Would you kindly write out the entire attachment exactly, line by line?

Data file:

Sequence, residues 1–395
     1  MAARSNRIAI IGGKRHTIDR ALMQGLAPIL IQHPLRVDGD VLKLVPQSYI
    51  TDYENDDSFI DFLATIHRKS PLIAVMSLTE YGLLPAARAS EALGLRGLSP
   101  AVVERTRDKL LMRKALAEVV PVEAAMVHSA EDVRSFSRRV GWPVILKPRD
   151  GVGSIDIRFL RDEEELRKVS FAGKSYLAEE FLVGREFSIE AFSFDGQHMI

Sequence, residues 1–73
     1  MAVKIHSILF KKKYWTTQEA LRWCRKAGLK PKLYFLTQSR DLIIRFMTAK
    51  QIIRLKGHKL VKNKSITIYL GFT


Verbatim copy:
Sequence, residues 1–395
     1  MAARSNRIAI IGGKRHTIDR ALMQGLAPIL IQHPLRVDGD VLKLVPQSYI
    51  TDYENDDSFI DFLATIHRKS PLIAVMSLTE YGLLPAARAS EALGLRGLSP
   101  AVVERTRDKL LMRKALAEVV PVEAAMVHSA EDVRSFSRRV GWPVILKPRD
   151  GVGSIDIRFL RDEEELRKVS FAGKSYLAEE FLVGREFSIE AFSFDGQHMI

Sequence, residues 1–73
     1  MAVKIHSILF KKKYWTTQEA LRWCRKAGLK PKLYFLTQSR DLIIRFMTAK
    51  QIIRLKGHKL VKNKSITIYL GFT